(6) Please do not look at my web site and assume that your site must be so drab to be accessible. I am building the site without any help from persons with vision but will be getting help to add photos and such relatively soon.

Rebecca Watson

Rebecca is a writer, speaker, YouTube personality, and unrepentant science nerd. In addition to founding and continuing to run Skepchick, she hosts Quiz-o-Tron, a monthly science-themed quiz show and podcast that pits comedians against nerds. There is an asteroid named in her honor. Twitter @rebeccawatson Mastodon Instagram @actuallyrebeccawatson TikTok @actuallyrebeccawatson YouTube @rebeccawatson BlueSky

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  1. Thanks Chris for telling your story and being a voice for folk with challenges most of us have little knowledge or understanding of. I plan on re-reading this again later today.

  2. Thanks so much for this Chris! Please do call people out (including me!) when we forget to be accessible online.

    I actually have run into several students with major visual disabilities that are majoring in mathematics and computer science. In the right environment, disabled students can achieve amazing things. Example:

    The challenge to those of us who are (for the moment) not disabled is to help build and support that environment.

  3. My site is often criticized for it’s old-style basic look. I’ve even had snobby young college students “offer” to remake it as part of class projects (I’m being snarky because the derisive tone with which they approach me is unbelievably rude and insulting, to the point that I had to report an abusive one to his dean). I’ll concede that it’s far from the prettiest site out there. But it’s been W3C compliant since 2001 because I firmly believe that it’s better to spend my time making quality content available to all than to make prettified content available to some.

    My motto: let your content be your guide.

    That being said I now have a WordPress blog and have not had time to learn php coding enough to ensure that it is W3C compliant, which shames me but I chose a clean, minimalist layout and hope it works decently well. And one day I’ll get to that.

    PS If any of the rest of you get as peeved about people illegally parking in disabled spots as I do, check out for a way to get ’em and benefit cities and charities all at the same time.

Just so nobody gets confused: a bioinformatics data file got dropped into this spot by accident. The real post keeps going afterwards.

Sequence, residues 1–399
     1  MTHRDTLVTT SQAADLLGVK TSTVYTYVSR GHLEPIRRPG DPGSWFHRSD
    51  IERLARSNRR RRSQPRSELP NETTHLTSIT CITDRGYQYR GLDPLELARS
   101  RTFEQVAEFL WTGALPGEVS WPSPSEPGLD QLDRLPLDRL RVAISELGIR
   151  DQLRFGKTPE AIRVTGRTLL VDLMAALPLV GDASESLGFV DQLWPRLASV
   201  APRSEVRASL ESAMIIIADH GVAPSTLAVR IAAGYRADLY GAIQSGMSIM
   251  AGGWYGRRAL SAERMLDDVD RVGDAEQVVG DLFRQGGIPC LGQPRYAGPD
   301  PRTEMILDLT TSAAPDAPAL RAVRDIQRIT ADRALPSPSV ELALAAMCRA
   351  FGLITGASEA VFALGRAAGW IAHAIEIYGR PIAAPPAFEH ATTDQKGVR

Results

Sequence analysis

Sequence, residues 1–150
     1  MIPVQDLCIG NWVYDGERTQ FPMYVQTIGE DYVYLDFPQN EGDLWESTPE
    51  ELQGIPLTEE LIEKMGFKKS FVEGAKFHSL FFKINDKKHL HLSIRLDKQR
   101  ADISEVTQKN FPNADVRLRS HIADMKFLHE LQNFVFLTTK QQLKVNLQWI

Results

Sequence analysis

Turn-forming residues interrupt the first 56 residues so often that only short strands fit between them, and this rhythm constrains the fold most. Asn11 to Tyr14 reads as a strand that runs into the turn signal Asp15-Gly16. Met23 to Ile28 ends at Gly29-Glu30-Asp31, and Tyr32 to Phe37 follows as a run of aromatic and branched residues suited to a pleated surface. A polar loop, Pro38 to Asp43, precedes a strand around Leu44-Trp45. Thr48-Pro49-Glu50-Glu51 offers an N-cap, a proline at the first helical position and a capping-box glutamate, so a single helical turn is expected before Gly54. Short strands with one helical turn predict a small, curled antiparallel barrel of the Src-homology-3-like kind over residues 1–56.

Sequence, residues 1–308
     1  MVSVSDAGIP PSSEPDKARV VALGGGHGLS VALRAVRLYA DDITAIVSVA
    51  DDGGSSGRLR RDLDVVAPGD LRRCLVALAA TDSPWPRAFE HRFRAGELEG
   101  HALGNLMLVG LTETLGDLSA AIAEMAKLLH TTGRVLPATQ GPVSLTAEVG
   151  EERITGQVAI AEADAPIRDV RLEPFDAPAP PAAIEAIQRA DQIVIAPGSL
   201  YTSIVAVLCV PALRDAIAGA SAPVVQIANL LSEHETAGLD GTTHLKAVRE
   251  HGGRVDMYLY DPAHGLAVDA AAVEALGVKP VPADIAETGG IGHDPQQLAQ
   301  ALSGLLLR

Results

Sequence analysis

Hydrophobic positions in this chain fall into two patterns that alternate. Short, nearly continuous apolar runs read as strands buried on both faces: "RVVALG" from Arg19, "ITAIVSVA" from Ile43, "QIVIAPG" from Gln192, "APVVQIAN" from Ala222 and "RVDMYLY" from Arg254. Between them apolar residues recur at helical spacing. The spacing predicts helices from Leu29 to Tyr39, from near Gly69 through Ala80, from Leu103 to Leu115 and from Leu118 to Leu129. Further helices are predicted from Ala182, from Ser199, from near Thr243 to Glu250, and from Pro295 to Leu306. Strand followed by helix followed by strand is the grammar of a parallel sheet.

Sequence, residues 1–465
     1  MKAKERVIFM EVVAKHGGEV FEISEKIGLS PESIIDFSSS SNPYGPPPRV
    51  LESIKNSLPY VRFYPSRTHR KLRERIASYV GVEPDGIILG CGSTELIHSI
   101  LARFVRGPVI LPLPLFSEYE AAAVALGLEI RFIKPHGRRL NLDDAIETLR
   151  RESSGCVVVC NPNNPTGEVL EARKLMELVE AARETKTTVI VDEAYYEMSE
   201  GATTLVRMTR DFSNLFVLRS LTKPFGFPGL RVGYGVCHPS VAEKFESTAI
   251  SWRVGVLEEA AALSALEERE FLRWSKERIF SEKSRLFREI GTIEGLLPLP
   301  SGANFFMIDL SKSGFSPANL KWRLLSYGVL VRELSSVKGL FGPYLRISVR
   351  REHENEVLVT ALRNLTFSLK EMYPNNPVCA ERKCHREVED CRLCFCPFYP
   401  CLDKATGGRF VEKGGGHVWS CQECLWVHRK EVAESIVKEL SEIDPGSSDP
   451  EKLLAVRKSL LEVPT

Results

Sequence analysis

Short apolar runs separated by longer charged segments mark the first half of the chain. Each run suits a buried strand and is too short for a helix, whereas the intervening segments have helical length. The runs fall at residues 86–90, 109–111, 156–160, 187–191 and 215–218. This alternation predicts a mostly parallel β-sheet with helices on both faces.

4. As a person with a neurological injury (genetic, untreatable) I’ve learned more about it from PubMed than from my Nurologists. I suspect they gave me the dumbed down version.
    As for availability. When I find out about skeptic events I have to firgure out if I can even get to the building the event is or if there are stairs leading to the lecture hall (in which case I am screwed. Thanks to online maps the first is rather easy, but getting in touch with a contact person who understands that a 1 step stair is just as bad as a 10 steps stair when one has a movement disability can be frustrating.
    Thankfully enough the local skeptics group has some guys who gets it.

    1. I don’t know a single disabled person who hasn’t been told by an able-bodied staffer at some event, hotel, etc. that it’s all “completely accessible” just to find out that there’s a stair in the way somewhere.

      Those who don’t have to worry about X do not see X all around them. This applies to the women-safety stuff, to accessibility, to food allergies, everything.

      And yet when I make an effort to be clear for those who need information, I get mocked. I used to always list a blurb on playdate invitations at my house that it has no ramp access and a really annoying step at both doors. I got laughed at because there was nobody disabled in the group. The very idea that someone new might join who needs that info and doesn’t want to have to ask for it didn’t cross the mockers’ minds. I state that my donated cakes are not vegan, not GF, not diabetic-friendly, but never contain alcohol. More mockery.

      Being inclusive is hard. So important, but hard. :(

  5. Through out history, cool movements, no matter what their values, end up helping rich, educated, property owning, abled, privileged, white dudes best of all. By poking Skepticism with the Feminist stick, Rebecca’s helped to make the movement a bigger circle. You, sir, by posting this, have done the same. Thank you.